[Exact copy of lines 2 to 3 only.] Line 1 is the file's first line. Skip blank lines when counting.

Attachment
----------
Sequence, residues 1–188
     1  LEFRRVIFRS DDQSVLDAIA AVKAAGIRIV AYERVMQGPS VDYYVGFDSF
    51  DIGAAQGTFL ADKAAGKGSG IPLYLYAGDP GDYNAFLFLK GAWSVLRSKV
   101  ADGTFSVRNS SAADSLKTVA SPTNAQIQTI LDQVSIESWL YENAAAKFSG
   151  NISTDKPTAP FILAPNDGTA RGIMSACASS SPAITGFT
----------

     1  LEFRRVIFRS DDQSVLDAIA AVKAAGIRIV AYERVMQGPS VDYYVGFDSF
    51  DIGAAQGTFL ADKAAGKGSG IPLYLYAGDP GDYNAFLFLK GAWSVLRSKV